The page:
How did this happen? The voice recording and physical performances for the characters were conducted separately, so the actors never met during production. Upon the film’s release, Gibson was not able to attend the premier due to a conflicting commitment with the release of his other film Braveheart overseas in Stirling, Scotland.
While the actors may never have met, their characters have a distinct place in Disney history – they shared the first animated Disney interracial romance.
Pocahontas’ soothing spirit guide is a 400-year-old sentient weeping willow tree. While she is indeed elder and wise, she still has “snap in her old vines.” Grandmother Willow changes with the seasons. She helps Pocahontas to understand the world around her through nature, and guides her through the confusing times of youth, into a wise adult herself.
During film development, Grandmother Willow was originally conceived as a male character named “Old Man River”. Actor Gregory Peck was offered the role, but he turned it down, advising Disney that he felt the title character needed a motherly figure to turn to for advice, in the absence of an actual mother in the film. Disney’s filmmakers agreed with him, and the character was changed to the granny we all know and love.
For better or worse, Pocahontas followed a string of truly iconic blockbuster animated Disney films, including The Little Mermaid (1989), Beauty and the Beast (1991), Aladdin (1992), and The Lion King (1994). What did these films all have in common? Very vociferous sidekicks. Like many animated films throughout Disney’s history, some of the most popular sidekicks speak quite readily, regardless of whether or not their character would naturally speak in real life.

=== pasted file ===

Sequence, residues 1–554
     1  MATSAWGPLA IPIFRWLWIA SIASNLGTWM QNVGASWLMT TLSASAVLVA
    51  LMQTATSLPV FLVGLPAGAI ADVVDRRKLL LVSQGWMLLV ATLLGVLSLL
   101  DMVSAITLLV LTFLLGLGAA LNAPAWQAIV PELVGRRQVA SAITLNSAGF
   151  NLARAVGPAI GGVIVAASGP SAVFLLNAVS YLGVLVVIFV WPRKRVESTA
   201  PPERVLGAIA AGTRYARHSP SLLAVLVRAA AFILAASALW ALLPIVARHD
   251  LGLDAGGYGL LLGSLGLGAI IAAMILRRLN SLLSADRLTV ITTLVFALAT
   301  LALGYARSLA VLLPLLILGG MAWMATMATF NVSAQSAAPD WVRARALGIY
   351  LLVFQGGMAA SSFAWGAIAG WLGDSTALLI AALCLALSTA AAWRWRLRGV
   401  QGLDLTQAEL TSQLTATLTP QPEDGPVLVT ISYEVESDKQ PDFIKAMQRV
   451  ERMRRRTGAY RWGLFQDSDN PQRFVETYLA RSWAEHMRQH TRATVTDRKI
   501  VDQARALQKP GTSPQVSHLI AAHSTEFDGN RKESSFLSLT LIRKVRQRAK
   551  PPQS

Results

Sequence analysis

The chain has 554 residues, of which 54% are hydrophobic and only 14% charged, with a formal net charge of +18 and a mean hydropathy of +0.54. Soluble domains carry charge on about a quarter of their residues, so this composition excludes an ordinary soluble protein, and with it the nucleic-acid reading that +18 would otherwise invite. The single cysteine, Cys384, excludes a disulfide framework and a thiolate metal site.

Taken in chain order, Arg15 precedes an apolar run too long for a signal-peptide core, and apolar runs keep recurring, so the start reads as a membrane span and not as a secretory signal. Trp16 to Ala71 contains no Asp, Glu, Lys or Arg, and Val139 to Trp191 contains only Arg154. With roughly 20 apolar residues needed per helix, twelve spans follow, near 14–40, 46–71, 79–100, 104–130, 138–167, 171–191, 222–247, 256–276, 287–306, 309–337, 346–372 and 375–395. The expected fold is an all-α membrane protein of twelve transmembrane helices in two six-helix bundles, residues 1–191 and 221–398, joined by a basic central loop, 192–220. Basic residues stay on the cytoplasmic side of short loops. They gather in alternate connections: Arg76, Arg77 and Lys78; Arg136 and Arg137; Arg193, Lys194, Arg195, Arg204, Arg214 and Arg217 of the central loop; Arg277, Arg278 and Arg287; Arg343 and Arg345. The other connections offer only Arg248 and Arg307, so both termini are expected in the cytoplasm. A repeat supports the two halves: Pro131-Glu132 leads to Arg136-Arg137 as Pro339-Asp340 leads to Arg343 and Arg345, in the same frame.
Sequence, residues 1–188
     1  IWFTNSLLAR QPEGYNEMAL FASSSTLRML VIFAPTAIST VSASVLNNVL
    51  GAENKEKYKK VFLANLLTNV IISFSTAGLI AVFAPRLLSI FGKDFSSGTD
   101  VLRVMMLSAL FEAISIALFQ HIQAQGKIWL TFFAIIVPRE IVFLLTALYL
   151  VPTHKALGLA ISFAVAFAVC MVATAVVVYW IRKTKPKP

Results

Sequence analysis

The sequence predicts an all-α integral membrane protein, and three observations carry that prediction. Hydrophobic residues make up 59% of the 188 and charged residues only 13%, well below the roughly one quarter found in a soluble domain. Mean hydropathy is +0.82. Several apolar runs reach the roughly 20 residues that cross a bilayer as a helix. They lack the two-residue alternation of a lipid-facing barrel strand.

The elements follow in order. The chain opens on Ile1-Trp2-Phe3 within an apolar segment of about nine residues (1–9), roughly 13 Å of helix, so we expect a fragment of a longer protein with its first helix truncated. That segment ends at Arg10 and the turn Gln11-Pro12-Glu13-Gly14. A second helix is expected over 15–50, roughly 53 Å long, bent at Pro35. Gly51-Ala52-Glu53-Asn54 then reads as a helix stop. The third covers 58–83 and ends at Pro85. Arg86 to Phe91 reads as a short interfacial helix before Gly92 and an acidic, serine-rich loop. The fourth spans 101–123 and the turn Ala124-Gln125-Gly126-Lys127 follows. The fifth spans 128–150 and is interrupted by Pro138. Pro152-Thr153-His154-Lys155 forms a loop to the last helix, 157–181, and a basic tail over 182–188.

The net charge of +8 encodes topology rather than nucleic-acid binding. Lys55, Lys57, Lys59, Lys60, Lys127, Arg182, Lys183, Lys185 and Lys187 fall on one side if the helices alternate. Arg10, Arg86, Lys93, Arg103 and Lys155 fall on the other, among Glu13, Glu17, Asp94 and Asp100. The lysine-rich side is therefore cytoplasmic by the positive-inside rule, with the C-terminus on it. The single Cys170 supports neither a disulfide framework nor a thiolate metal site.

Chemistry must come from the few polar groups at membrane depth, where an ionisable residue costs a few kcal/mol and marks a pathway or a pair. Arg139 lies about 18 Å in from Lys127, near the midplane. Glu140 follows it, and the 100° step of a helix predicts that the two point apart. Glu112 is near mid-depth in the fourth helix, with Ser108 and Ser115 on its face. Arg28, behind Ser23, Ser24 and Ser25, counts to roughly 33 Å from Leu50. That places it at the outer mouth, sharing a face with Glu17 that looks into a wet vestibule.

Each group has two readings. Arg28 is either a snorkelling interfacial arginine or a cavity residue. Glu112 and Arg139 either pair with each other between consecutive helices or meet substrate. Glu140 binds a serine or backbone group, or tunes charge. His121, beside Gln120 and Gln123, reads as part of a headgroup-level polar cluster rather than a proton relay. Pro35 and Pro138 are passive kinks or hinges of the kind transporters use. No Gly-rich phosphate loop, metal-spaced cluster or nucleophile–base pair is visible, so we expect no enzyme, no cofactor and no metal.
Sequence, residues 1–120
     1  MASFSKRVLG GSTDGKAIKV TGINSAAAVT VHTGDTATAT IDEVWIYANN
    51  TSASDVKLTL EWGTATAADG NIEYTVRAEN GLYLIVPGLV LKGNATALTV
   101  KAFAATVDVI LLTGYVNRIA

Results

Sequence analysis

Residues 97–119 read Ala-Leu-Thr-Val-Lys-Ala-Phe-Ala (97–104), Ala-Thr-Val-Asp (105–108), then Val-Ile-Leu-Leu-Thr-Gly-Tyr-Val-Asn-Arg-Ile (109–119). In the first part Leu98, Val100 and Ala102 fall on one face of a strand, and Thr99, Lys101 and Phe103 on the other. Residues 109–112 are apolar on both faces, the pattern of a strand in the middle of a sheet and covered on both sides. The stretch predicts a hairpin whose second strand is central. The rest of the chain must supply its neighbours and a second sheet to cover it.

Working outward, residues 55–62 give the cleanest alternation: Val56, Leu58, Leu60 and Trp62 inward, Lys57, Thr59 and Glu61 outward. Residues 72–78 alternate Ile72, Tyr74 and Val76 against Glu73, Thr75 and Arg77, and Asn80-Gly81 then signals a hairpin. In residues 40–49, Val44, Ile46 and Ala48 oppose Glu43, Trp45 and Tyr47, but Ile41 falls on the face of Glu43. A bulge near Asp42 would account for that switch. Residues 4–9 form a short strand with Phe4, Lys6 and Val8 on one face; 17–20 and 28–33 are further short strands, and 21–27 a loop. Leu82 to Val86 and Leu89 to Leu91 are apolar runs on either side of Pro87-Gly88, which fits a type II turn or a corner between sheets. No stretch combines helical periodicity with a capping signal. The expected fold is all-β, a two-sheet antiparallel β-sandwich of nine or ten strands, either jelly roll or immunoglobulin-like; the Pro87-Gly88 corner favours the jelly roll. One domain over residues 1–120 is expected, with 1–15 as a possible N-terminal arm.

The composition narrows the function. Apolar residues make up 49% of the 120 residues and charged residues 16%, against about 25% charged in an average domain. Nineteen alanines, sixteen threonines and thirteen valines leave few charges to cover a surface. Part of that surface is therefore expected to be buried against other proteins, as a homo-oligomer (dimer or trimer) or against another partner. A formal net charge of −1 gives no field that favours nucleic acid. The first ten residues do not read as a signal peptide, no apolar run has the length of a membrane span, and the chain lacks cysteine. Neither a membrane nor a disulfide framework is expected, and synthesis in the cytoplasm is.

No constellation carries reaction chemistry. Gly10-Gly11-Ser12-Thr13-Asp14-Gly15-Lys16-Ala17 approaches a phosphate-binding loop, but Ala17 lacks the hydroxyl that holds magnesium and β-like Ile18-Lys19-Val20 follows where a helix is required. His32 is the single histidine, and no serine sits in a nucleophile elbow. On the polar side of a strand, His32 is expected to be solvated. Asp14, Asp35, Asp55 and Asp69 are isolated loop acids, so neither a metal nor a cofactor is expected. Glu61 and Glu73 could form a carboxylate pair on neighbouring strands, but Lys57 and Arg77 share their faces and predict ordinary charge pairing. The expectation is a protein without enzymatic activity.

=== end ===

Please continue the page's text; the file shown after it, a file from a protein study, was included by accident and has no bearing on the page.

Pocahontas represented a pause in that trend, and here’s why.
Initially, Pocahontas was going to have three animal sidekicks: a raccoon named Meeko, a hummingbird named Flit, and a turkey named Redfeather. At one point during production, actor/comedian John Candy had provided some voice work for Redfeather. Disney’s team dropped Meeko from the film, choosing Redfeather and Flit as Pocahontas’ two companions.
But after Candy’s death in 1994, Disney found itself without the ability to gracefully complete Redfeather’s speaking role in the film, without restarting from the beginning. Combine Candy’s untimely death with Disney’s ongoing internal debate over creating a more serious tone for the film, and Disney decided to remove all dialogue from the sidekicks – sticking a little closer to their true animal nature. Revisiting all three sidekicks from this angle, Disney reversed course, dropping Redfeather from the production, and reinstated Meeko. Can you imagine Pocahontas palling around with a boisterous turkey?
As usual, my five fun facts ended up spilling over into quite a few more. I hope you enjoyed this swim around the riverbend. Let me know where Pocahontas ranks in your heart, either with a comment here, or send a direct message on social: